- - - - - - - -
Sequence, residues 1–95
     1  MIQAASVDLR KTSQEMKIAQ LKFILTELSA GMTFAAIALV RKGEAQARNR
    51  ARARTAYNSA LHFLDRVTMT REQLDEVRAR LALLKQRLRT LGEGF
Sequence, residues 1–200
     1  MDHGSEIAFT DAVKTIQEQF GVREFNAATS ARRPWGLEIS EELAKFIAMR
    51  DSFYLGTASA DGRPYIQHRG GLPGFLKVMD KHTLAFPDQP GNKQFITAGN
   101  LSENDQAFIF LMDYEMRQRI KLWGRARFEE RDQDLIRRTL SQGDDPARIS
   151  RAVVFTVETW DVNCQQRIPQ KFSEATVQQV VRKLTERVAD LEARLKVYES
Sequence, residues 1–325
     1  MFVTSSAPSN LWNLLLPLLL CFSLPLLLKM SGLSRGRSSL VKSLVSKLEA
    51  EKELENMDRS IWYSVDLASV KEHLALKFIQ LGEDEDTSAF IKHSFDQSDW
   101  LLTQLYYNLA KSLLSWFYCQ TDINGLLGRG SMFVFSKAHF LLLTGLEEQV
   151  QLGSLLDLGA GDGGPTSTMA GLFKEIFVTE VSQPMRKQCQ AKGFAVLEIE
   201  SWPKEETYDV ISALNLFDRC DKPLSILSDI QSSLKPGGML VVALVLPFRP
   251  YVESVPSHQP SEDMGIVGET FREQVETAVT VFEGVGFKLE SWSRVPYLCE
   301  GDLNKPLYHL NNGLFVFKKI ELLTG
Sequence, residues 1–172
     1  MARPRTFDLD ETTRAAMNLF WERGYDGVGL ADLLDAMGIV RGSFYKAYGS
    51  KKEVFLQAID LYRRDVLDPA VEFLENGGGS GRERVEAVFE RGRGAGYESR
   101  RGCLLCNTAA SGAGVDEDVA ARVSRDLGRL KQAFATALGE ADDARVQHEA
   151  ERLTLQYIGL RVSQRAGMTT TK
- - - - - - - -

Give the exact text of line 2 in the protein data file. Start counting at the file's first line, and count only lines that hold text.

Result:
     1  MIQAASVDLR KTSQEMKIAQ LKFILTELSA GMTFAAIALV RKGEAQARNR